Regulator to investigate PwC’s BHS audit

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The Financial Reporting Council has announced that it will open an investigation into PwC's audit of collapsed retail giant BHS.

In a statement the accountancy regulator announced that it will investigate the Big Four firm’s audit of BHS’s financial statements for the year ended 30 August 2014.

During this period BHS was still owned by Sir Philip Green, who sold the chain to Dominic Chappell's company Retail Acquisitions for £1 in March 2015.

A preliminary investigation, which confirmed a "suspicion of misconduct", has already been carried out, paving the way for the formal investigation process to begin.

The former high street giant collapsed earlier this month after administrators Duff & Phelps failed to find an buyer for the business, putting all of its 164 stores and 11,000 jobs at risk, and leaving a £570m black hole in the company’s pension fund.

A spokesperson from PwC said it would co-operate fully with the investigation, while an FRC spokesperson said it was “impossible” to predict how long the investigation would take because it depended on the co-operation of external parties, including lawyers and auditors.

"It's obviously of high public interest and we will resolve it as soon as we can. But it's important that we do the right job," he said.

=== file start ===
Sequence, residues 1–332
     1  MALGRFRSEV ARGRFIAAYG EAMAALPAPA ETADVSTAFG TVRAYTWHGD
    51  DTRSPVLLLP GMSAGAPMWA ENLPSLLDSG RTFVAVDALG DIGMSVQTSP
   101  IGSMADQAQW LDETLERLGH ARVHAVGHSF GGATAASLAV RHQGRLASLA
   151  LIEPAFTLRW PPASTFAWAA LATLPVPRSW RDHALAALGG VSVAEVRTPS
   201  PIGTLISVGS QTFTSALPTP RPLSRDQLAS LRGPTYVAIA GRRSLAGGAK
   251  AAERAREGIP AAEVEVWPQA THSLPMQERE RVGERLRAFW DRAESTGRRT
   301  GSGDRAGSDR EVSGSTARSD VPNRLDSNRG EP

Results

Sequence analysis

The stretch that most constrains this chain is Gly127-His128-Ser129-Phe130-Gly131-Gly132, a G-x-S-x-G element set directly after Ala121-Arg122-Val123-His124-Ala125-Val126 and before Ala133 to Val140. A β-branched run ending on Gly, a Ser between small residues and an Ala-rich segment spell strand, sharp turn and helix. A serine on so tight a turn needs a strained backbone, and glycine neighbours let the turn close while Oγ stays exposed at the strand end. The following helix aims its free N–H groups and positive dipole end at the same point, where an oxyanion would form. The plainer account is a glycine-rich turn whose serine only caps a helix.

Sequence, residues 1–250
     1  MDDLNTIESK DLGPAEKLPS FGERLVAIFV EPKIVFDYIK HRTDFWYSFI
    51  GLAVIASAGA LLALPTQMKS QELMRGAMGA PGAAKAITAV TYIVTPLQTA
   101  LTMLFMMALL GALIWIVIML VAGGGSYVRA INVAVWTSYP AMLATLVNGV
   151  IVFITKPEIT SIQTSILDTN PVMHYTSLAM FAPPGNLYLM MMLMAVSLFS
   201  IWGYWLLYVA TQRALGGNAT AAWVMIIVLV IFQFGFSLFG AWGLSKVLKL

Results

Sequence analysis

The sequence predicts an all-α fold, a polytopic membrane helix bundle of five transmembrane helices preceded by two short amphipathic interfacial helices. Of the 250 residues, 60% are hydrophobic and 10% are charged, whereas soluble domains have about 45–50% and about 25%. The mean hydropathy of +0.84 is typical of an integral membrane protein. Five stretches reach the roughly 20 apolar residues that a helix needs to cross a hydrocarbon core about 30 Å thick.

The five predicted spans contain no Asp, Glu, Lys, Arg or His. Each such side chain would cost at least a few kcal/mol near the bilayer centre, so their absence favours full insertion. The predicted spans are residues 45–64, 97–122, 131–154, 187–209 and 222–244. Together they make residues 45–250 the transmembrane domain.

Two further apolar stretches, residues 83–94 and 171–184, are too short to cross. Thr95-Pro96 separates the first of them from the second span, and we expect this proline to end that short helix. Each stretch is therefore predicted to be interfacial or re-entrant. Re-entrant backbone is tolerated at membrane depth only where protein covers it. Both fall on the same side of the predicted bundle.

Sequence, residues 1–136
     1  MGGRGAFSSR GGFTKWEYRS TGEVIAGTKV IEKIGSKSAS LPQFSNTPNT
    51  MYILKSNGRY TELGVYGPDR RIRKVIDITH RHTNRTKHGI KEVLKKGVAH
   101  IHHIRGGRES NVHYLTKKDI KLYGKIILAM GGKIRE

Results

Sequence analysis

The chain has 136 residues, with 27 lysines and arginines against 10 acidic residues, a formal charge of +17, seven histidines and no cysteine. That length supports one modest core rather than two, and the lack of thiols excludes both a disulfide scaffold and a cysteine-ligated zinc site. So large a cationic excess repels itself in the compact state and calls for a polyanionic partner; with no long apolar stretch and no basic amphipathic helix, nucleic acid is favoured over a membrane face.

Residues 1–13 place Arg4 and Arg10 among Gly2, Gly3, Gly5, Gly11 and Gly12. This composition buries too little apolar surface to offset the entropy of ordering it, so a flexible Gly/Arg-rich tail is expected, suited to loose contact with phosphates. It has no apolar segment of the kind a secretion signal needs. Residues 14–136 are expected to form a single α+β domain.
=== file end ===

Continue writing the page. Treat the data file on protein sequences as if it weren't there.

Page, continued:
Should the FRC uncover evidence of misconduct, the regulator can refer this to an independent tribunal, which has the power to levy unlimited fines on organisations and exclude individuals from the accounting profession.

A joint BIS and DWP committee of MPs are currently running an inquiry into the demise of BHS, and recently questioned former owner Green in a stormy session in parliament. Green apologised for the collapse of the retail chain and promised to ‘sort’ the pension deficit left by the failure, but he also railed against Chappell, the pension regulator and the committee in a six-hour evidence session.

In a statement to the committee PwC said the completion of the BHS audit was brought forward to the beginning of March at the request of the company, and because of the potential sale to Retail Acquisitions.

Simon Walker, director general of the institute of directors has also advised the FRC to investigate both Grant Thornton and the law firm Olswang, both of whom advised Retail Acquisitions during the purchasing process.

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15th Jul 2016 14:11

It would also be good to get some straight answers as to what was the thinking was behind Chappell's decision to take on a business with minus £186 million in working capital and £256 million of net assets in deficit.

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